Don’t worry if you run out of thread while you sew – the kettle stitch requires a lot of thread that you won’t be able to estimate when you start binding. You can always add more thread by tying an invisible knot and hide the knot in between the holes as you sew.
When you sew the kettle stitch, make sure to maintain a consistent tension that is not too loose or not too tight. This even tension will make sure that you can open your book effortlessly and allow the spine to move as you open your book to any pages you want.
One minus point of the kettle stitch is that it leaves an exposed spine that may or may not look aesthetically pleasing, depending on your sewing skills.
Many people love to leave this bind open to show their craftsmanship, but you can always use glue to attach a book cover to hide this spine.
DIY Kettle Stitch Bookbinding Tutorial By Sea Lemon On YouTube
4. Coptic Binding
Often confused with the kettle stitch, Coptic stitch is a combination of the saddle stitch, the Japanese stab binding, and the kettle stitch. If you are already familiar with all the methods above, you should be able to grasp the Coptic stitch in no time.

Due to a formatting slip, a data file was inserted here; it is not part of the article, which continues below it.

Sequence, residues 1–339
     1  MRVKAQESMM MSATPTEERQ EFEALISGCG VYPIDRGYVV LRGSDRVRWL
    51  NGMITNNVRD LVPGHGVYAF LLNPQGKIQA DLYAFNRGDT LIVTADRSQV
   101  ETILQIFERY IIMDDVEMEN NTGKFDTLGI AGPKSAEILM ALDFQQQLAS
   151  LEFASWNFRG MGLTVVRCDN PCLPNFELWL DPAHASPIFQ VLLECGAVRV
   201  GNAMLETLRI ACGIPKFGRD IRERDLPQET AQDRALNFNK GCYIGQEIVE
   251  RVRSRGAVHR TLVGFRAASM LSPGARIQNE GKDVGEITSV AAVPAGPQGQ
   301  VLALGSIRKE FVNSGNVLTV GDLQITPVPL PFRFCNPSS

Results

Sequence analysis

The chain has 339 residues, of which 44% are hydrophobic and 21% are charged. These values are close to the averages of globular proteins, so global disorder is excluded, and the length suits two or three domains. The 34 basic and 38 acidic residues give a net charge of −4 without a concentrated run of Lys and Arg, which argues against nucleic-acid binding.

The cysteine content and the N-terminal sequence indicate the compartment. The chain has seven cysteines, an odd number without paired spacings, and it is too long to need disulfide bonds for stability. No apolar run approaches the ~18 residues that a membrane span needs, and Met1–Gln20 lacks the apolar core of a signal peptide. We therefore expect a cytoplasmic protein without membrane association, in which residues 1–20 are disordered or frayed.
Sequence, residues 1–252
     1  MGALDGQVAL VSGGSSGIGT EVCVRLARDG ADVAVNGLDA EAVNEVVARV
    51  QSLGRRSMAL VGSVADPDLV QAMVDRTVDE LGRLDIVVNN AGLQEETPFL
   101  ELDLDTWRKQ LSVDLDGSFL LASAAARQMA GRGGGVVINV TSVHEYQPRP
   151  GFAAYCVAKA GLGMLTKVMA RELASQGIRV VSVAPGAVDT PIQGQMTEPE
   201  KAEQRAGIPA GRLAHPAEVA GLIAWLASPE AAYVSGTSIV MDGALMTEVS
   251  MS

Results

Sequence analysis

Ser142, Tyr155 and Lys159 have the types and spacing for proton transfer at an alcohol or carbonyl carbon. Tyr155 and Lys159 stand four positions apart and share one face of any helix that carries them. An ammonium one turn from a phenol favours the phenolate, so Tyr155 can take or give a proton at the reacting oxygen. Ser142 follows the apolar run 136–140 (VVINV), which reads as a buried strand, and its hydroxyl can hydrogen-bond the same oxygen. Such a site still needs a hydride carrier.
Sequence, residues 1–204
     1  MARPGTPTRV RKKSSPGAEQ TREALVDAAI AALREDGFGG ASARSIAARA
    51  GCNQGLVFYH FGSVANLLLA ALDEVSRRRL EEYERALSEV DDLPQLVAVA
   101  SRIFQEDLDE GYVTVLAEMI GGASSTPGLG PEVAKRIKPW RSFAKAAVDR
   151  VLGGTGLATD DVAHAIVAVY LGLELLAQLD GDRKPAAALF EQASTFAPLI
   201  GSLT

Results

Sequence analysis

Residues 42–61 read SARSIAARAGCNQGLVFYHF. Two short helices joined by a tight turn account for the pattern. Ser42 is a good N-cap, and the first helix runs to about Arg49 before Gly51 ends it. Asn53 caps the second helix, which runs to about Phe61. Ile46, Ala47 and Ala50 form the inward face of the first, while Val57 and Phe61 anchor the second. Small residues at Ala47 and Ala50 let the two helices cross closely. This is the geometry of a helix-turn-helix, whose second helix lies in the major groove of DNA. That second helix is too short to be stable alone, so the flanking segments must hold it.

With the Coptic stitch, you will be able to combine several signatures together to create a rectangular bind, linking the signatures together every time you guide the thread to the outside of the paper.
However, the Coptic stitch is superior because it allows you to also bind the signatures with the two covers of the book, creating a finished book with an exposed spine. On the outside, you will see that the cover is bound to the signatures by wrapping the stitches around the holes on the cover.
The Coptic stitch is quite advanced, but it’s superior to all of the other stitches. It creates an exposed spine that combines a lot of signatures together, as well as the covers, effectively creating an entire book, which ultimately saves you a lot of time.
It also helps you take advantage of the best characteristics of the saddle stitch because the spine won’t eat into the paper, and you will be able to open the book flat.
To prepare your materials for a Coptic binding, you will need several signatures (each with 4 or 5 sheets of paper folded in half) and two hardcovers.
Then, you can mark 3 holes from the top and 3 holes on the bottom of the spine of the signatures, 1 inch from the edges and 1 inch apart. The space in the middle should be left as a long, uninterrupted spine.
On the two covers, mark down the corresponding holes as the signatures, but punch the holes 1 inch from the edge of the bind.
First, you will bind the first signature and the back cover. With your thread and your needle, insert the needle from the inside of the signature through the bottom hole. Then bring it around to the outside cover and insert the needle through the corresponding hole on the cover, bringing it from the outside to the inside.
Then, loop your needle through the link in between the signature and the cover to secure the stitch and insert it back into the middle of the first signature through the same hole.
Then, you can insert your needle through the second hole on the signature and repeat the same steps to secure the first signature to the cover.